Updated Story Originally Published July 7, 2017: After being banned from the shelves of Adventist Book Centers in the Michigan Conference, books by Adventist church historian Dr. George R. Knight have once again been approved for sale.
Jay Gallimore, president of the Michigan Conference of the Adventist Church, released a statement on the conference website explaining the decision.
Gallimore said that recent comments by Knight had raised “serious and troubling questions.”
He said, however, that after reviewing recent comments by Knight, “the decision was made to continue to make his books available at the ABC at this time.”
Gallimore claimed that the comments in question were not related to Knight’s position on women’s ordination (Knight is in support of ordaining women as ministers in the Adventist Church.).
Instead, he said that the conference was troubled by “questionable comparisons articulated that appear to undermine the leadership and integrity of the Seventh-day Adventist Church.”
The comparisons were made during Knight’s public address at the Unity Conference that took place in London last month.
The event had been organized by leaders from four world divisions (regions) of the church.
It focused on how to preserve “unity in diversity” within the world church despite efforts by the General Conference headquarters of the denomination to enforce the results of a controversial vote at the denomination’s 2015 General Conference Session.
A majority of delegates at the time voted not to allow world divisions to make their own decision on whether or not to ordain women.
In his comments in London, Knight heavily critiqued the General Conference for what he characterized as an abuse of authority.
Reflecting on the Protestant Reformation, Knight likened attempts by the General Conference to force conformity on the issue of women’s ordination to the abuse of authority of the Catholic Church at the time of Martin Luther.
Knight stated that “Adventism has moved at times from being a church based on Scripture to one based on tradition and ecclesiastical pronouncements.”
He claimed that ordination was not a biblical topic and that from a biblical standpoint there is no difference between ordination and commissioning, the latter of which is used to recognize Adventist female pastors in ministry.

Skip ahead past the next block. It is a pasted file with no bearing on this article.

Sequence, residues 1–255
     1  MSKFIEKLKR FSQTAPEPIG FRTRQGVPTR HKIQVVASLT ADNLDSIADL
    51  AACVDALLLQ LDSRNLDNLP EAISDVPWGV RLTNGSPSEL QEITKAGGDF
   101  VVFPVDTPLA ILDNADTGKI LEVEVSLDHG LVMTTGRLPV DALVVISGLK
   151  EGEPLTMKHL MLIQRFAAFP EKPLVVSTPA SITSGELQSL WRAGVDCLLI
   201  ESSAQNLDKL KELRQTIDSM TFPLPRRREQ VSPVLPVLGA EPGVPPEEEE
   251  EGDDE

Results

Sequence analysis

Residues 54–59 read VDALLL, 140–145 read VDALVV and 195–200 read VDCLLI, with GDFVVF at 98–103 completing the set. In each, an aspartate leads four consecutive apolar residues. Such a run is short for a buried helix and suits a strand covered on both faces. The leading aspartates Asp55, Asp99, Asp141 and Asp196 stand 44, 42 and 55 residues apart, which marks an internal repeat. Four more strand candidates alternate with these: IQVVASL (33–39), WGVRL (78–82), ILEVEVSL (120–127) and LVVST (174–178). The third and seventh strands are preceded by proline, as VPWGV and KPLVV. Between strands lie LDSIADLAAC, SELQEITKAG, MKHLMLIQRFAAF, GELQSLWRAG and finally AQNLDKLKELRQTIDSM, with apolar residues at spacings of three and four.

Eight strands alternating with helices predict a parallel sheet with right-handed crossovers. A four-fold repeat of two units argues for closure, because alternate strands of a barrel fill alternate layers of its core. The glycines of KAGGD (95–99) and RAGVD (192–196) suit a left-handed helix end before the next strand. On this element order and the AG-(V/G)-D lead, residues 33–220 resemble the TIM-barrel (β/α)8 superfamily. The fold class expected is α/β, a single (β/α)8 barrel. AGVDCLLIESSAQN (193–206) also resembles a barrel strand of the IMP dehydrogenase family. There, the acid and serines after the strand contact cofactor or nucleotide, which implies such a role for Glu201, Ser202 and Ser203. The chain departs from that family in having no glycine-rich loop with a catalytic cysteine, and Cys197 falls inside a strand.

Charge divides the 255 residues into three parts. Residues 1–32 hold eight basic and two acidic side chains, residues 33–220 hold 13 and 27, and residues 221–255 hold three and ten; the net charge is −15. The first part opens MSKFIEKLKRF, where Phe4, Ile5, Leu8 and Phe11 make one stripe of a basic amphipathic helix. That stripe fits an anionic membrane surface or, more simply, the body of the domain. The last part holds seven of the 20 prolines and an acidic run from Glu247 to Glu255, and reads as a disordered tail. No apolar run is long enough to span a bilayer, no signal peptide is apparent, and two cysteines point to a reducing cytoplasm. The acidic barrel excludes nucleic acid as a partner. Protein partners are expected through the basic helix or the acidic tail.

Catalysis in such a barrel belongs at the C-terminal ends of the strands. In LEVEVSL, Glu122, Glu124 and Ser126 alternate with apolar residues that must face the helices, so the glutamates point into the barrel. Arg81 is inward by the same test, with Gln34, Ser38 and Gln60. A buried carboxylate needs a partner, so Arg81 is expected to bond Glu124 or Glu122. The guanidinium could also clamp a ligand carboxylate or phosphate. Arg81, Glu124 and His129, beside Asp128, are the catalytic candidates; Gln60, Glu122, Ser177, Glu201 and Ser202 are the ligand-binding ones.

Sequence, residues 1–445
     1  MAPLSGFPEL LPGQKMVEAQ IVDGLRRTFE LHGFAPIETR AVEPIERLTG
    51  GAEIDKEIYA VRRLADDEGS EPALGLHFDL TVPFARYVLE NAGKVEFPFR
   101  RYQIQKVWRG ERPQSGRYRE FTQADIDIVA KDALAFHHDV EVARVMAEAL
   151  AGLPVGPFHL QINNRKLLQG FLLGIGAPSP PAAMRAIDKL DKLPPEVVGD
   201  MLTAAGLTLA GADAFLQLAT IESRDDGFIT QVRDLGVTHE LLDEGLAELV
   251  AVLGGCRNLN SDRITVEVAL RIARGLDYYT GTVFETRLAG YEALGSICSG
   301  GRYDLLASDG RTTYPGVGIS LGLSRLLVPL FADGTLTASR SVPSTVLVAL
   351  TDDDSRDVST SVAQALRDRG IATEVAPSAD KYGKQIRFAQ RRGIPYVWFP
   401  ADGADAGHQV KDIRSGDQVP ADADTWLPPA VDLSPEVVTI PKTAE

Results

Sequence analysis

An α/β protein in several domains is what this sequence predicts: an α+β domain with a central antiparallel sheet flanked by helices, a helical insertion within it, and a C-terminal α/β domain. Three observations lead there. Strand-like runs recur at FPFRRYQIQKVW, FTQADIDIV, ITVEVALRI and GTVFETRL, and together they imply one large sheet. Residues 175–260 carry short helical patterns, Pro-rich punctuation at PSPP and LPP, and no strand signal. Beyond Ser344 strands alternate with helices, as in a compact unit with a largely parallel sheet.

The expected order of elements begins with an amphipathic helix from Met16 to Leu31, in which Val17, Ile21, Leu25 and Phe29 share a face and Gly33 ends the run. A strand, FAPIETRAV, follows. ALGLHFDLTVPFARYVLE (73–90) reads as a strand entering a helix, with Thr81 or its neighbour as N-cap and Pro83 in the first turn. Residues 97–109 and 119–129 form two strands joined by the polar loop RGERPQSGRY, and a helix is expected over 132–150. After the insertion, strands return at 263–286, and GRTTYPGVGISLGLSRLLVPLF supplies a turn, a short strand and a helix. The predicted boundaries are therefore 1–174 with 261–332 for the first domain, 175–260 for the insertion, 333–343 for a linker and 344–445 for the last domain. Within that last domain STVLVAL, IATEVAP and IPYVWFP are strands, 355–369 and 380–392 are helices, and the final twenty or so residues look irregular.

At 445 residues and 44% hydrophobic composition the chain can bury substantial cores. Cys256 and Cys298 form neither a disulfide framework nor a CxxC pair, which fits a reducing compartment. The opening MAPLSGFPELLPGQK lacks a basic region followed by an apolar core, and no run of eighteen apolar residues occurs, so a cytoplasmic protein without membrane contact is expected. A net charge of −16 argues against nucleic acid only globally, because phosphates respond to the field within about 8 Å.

Addressing leadership overreach, Knight said “the General Conference leadership in 2017 is coming dangerously close to replicating the medieval church in its call for the serious discipline of large sectors of the church on the basis of a non-biblical issue.”
Knight said that due to “the suppression of data and the manipulation of events” he did not believe the 2015 ordination vote reflected God’s will.
He compared GC efforts to sanction large sectors of the church that did not agree with the outcome of the ordination vote to the use of force employed by Nazi Germany to eliminate diversity and opposition.
Gallimore had strong words of condemnation for Knight as he teased the possibility of a future ban on his books:
“The question should be raised as to whether we should carry authors who position themselves against the leadership of the General Conference, and equate themselves to Luther standing up to the Pope of the medieval Catholic Church. Is it appropriate to suggest a comparison between the Seventh-day Adventist Church and the persecuting medieval church? Or should unions be urged to stand against the world church in the way that people were urged to defy Nazi Germany in WWII?”
Gallimore added that given that ABC outlets were Adventist and not secular, it was to be expected that authors carried by the stores “be supportive of their church and its representative form of church government.”
July 14, 2017 UPDATE
According to a report from a customer that visited the Berrien Springs, Michigan ABC store this morning, a store staff member said that Knight’s books are only back on the shelf until the current stock sells.
After the current books are sold the branch will not be allowed to order any further books by the author, though individuals can order Knight’s books and pick them up when they come in. They will no longer be allowed on the shelves.
When Adventist Today contacted the store via telephone, staff would not comment on the sale of Knight’s books, pointing instead to Gallimore’s statement as the official line from the conference.